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Demo Impressions: Tiger Woods 11
May 21, 2010, Author: Phil Ubee
Tiger Woods may no longer be everyone’s favourite golfer due to certain off the course antics but let’s face it; the Tiger Woods franchise is as strong as any of the EA Sports titles out there. Since 1998 the worlds most recognisable golfer has endorsed the game that any and every armchair golfer knows and loves.
The series is second to none in terms of its realism and presentation and like all the other usual suspects (FIFA I’m looking at you) tries to convince us all to part with our hard earned cash every twelve months with some polish and a few extra game modes. This year is no different and I have been spending a bit of time with the great man to find out what makes this years game different.
The first thing that I must say is that I have not bought a Tiger Woods title since the 07 model and yet I still knew and was comfortable with the feel and control of my golfers swing from the off. This has been tweaked ever so slightly over the years but from last years version the difference is minimal. Likewise graphically, the game looks superb, there is a little more polish on the golfers themselves, a touch more detail on the courses and the shadowing effects are just a little more elegant than previous versions. However, this is all minor, but then let’s be brutally honest; it’s Golf, in terms of looks and feel, there aint much you can do with it really.
As is always the case with a franchise such as Tiger Woods, they live and die by the game modes on offer. The demo gives you a brief line of what’s to come in the full game without letting you test much, such as a new swing tuner, challenge mode and the promise of online Team play for up to 24 players. For the sake of this article though we’ll stick to what the demo does give you.
First up is the new way of developing your golfer. Your golfer’s skills will now be earned and measured in Experience Points (XP). You are told immediately that anything you earn in the demo will carry forward (a nice touch) and these can be earned from the off by sending a live message to your buddies to ask them to download the demo. They are also gained for every shot you play. Hit the fairway; get XP, hit the green; get XP. Want a big bonus? Hit an eagle or a hole-in-one; you get the drift.
The second big thing is the Focus meter. This sits in the HUD and works as follows. You play well and in return your focus improves. With it you can utilise the old power boost and spin boost power ups we all know and love to improve your round (and ultimately gain more XP). Be warned, however, as using the boosts and the putt preview camera reduce your focus, and when you have none, you cannot use the power ups, often leaving you an impossible putt with no guide to help line it up, which ultimately causes you to three or four putt the hole at a major cost to your round total and those ever important Experience Points.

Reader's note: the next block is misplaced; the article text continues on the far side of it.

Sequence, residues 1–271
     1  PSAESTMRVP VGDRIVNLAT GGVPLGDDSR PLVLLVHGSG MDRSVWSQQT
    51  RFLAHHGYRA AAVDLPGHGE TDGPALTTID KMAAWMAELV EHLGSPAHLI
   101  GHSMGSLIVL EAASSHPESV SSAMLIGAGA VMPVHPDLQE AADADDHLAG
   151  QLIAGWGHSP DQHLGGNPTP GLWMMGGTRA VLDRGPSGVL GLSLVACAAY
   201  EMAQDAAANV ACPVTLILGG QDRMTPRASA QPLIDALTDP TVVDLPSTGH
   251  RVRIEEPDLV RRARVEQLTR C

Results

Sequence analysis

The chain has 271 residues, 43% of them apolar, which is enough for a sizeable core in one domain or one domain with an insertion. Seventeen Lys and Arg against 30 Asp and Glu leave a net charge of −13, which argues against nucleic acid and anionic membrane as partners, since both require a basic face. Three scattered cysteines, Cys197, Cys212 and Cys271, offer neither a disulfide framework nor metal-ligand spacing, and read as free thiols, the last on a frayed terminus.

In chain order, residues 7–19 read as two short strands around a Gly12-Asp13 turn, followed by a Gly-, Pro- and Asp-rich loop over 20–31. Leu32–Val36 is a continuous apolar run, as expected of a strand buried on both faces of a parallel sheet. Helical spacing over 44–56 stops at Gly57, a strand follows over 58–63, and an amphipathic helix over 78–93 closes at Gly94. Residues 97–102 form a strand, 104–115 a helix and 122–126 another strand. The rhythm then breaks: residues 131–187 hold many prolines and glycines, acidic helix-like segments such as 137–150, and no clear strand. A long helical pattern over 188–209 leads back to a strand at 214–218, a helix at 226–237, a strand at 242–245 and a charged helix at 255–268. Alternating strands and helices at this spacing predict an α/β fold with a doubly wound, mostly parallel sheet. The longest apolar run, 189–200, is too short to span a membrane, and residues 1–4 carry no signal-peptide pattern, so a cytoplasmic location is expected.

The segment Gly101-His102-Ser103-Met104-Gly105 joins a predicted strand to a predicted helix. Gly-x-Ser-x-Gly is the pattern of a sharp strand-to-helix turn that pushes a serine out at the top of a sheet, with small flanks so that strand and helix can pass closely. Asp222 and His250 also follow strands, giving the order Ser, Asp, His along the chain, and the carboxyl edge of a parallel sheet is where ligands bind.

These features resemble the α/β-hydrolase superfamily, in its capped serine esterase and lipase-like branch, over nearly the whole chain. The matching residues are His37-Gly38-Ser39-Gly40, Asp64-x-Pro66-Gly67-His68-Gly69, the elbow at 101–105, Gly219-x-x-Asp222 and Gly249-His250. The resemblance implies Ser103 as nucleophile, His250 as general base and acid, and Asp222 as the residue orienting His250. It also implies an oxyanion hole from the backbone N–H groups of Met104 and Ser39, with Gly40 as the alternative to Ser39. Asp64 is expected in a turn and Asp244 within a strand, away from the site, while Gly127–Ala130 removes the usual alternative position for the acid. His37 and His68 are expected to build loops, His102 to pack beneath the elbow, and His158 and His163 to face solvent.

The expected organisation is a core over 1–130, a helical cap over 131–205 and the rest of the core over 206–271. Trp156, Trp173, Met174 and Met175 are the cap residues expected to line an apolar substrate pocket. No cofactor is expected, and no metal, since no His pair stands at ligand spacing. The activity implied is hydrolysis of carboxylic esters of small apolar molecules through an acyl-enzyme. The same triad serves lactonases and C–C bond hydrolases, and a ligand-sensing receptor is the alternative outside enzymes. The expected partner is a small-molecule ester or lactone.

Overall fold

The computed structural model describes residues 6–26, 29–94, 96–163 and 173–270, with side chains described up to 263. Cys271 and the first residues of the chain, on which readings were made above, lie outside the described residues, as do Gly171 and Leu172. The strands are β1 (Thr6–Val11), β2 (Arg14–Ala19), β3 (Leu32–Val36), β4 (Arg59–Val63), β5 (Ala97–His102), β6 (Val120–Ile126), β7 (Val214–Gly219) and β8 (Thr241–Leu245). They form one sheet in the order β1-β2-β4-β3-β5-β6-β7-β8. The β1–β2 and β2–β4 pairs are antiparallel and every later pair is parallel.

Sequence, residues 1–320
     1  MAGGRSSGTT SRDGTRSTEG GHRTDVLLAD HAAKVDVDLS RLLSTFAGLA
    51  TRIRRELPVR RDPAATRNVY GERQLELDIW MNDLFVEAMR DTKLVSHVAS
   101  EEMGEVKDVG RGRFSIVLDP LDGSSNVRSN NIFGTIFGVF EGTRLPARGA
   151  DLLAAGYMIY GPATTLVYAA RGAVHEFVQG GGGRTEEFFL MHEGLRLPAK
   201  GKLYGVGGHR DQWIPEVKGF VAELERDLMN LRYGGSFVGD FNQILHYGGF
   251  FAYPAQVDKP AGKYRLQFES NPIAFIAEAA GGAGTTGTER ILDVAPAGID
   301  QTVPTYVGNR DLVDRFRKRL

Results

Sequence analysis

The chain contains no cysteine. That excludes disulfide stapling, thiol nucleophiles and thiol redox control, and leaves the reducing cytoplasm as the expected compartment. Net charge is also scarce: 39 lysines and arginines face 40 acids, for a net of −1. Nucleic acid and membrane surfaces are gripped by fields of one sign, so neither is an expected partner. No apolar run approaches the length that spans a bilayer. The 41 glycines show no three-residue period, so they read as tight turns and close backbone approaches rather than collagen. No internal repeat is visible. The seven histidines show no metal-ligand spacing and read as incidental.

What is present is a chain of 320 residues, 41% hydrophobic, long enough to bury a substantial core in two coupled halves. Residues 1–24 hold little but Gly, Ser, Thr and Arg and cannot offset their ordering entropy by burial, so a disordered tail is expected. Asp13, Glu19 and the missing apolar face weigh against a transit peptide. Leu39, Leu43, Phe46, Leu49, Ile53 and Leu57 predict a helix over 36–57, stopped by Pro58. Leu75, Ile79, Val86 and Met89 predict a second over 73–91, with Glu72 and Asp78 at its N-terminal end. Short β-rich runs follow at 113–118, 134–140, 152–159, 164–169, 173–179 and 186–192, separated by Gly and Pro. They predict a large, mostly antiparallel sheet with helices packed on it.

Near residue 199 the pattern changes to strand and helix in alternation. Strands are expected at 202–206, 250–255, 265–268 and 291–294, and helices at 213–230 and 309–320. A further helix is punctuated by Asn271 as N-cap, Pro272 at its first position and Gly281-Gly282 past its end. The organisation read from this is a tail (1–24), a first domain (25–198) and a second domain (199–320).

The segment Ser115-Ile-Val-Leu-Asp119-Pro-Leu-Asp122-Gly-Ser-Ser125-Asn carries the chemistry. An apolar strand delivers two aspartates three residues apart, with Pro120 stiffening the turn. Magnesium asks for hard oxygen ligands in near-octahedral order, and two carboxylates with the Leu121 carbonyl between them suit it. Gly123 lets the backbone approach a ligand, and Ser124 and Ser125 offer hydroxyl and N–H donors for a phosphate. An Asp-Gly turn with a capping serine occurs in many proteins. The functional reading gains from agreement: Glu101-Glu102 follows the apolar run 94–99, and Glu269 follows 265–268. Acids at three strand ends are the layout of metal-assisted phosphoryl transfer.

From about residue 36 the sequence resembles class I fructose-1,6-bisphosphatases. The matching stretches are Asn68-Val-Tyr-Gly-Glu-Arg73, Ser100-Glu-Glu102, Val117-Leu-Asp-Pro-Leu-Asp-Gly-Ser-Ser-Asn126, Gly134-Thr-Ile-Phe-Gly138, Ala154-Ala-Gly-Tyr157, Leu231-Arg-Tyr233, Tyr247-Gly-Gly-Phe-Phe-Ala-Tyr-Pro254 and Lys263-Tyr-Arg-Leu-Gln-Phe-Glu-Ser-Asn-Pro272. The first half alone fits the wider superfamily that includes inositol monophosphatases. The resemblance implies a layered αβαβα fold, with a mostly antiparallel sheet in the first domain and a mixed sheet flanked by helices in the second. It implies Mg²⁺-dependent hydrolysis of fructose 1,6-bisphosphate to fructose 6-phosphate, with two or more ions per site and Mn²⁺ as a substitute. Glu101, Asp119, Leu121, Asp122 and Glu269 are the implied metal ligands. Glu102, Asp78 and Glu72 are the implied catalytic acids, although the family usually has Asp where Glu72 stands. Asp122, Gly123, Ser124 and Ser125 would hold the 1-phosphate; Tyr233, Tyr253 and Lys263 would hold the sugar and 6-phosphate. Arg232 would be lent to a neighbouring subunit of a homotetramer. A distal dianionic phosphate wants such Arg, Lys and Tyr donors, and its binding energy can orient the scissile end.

The other newbee you get to utilise in the demo is the True-Aim mode. Billed as First Person Golf this takes away your option to follow the ball’s flight and makes lining up shots more of a challenge. When out on the course you are solely reliant on the crowd to know if you are close, far or in the sand until you line up the following shot. You do have your GPS which will allow you to view the distance to pin as well as any hazards out on the course and can, if you want, pull up a caddie tip (though in true TW fashion these are about as useful as a chocolate teapot).
With this mode, you can play three holes of match play with a generated golfer on either the 2010 Ryder Cup course, Celtic Manor or the Picturesque Liberty National in New York. Complete with the usual hole “fly by”, commentators tips and “Get in the hole!” shouts from the spectators.
The other game mode available in the demo and probably one of the biggest selling points this year is the Ryder Cup itself. You pick your side (Europe of course) and are given a team of four. McIlroy, Poulter, Casey and Rose line up for Europe. Weekly, Kim, Furyk and, of course, Tiger for the US. Set the number of matches for each discipline (Foursomes, Fourballs, Singles) and away you go. Again you have three holes per match and if there is more than one match you can choose which one to play and which golfer to play as.
Control wise, as touched on earlier, nothing much has changed. Your swing is still on the left stick with your right stick used to set elevation. B will allow you to zoom in to your target area or bring up the holes GPS details when in the True-Aim mode. X allows you to cycle the shot types and A is utilised for the much used power and spin boosts (if you have some focus), LB and RB control your draw and fade respectively and LT and RT cycle your club selection.
What you get from the demo is the idea that this years added features on the whole are pretty good ones. The chance to play the Ryder Cup (and kick some US butt) is definitely a plus. True-Aim, though a good addition will be utilised by the hardcore only to increase the challenge and it remains to be seen if the other additional game features can add enough to make the title worthy of purchase for anyone with last years version. My overall feeling is that with the prospect of gaining some XP over the next six weeks to give myself a boost from the start, I may well be spending a bit more time with the Tiger Woods 11 demo prior to when its release on 2nd July.
Feature Type: Hands On | Tagged EA Sports, golf, PS3, Tiger Woods 11, Wii, Xbox 360